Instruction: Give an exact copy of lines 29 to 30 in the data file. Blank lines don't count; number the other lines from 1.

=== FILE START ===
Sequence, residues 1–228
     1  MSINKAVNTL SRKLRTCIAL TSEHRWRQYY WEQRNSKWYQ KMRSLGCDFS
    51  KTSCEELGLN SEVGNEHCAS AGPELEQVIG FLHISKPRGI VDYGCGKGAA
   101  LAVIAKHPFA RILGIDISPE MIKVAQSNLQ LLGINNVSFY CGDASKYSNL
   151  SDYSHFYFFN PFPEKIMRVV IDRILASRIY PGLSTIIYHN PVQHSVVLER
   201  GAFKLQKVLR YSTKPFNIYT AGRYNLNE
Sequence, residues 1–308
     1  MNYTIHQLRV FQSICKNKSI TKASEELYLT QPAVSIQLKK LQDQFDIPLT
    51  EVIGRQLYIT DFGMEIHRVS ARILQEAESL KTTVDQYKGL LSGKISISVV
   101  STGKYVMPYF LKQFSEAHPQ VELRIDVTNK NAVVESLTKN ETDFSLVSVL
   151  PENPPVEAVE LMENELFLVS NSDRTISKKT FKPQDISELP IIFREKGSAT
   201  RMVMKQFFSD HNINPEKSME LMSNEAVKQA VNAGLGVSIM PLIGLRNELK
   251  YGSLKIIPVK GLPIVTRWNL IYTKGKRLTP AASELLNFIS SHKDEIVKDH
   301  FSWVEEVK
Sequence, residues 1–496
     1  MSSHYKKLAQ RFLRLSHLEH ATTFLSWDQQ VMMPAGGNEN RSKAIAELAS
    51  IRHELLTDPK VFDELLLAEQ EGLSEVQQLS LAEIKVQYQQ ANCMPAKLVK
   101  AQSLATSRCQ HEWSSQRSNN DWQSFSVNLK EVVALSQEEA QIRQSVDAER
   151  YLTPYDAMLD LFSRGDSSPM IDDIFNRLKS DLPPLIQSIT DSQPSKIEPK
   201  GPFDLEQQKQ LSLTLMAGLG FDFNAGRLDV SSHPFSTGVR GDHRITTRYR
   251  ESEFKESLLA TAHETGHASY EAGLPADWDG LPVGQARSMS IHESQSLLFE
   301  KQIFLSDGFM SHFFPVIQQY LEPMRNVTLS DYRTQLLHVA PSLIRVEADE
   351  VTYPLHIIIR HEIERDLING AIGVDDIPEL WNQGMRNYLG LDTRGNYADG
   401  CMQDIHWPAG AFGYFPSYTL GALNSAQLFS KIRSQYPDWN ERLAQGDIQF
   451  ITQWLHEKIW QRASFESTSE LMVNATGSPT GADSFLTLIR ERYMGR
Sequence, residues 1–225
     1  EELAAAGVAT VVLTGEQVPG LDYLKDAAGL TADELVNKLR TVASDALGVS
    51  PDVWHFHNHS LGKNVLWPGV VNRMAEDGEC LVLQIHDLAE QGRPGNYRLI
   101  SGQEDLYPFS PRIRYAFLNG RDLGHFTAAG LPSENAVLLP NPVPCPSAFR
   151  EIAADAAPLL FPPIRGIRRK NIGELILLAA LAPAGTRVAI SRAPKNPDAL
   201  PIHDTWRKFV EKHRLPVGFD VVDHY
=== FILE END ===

   101  SGQEDLYPFS PRIRYAFLNG RDLGHFTAAG LPSENAVLLP NPVPCPSAFR
   151  EIAADAAPLL FPPIRGIRRK NIGELILLAA LAPAGTRVAI SRAPKNPDAL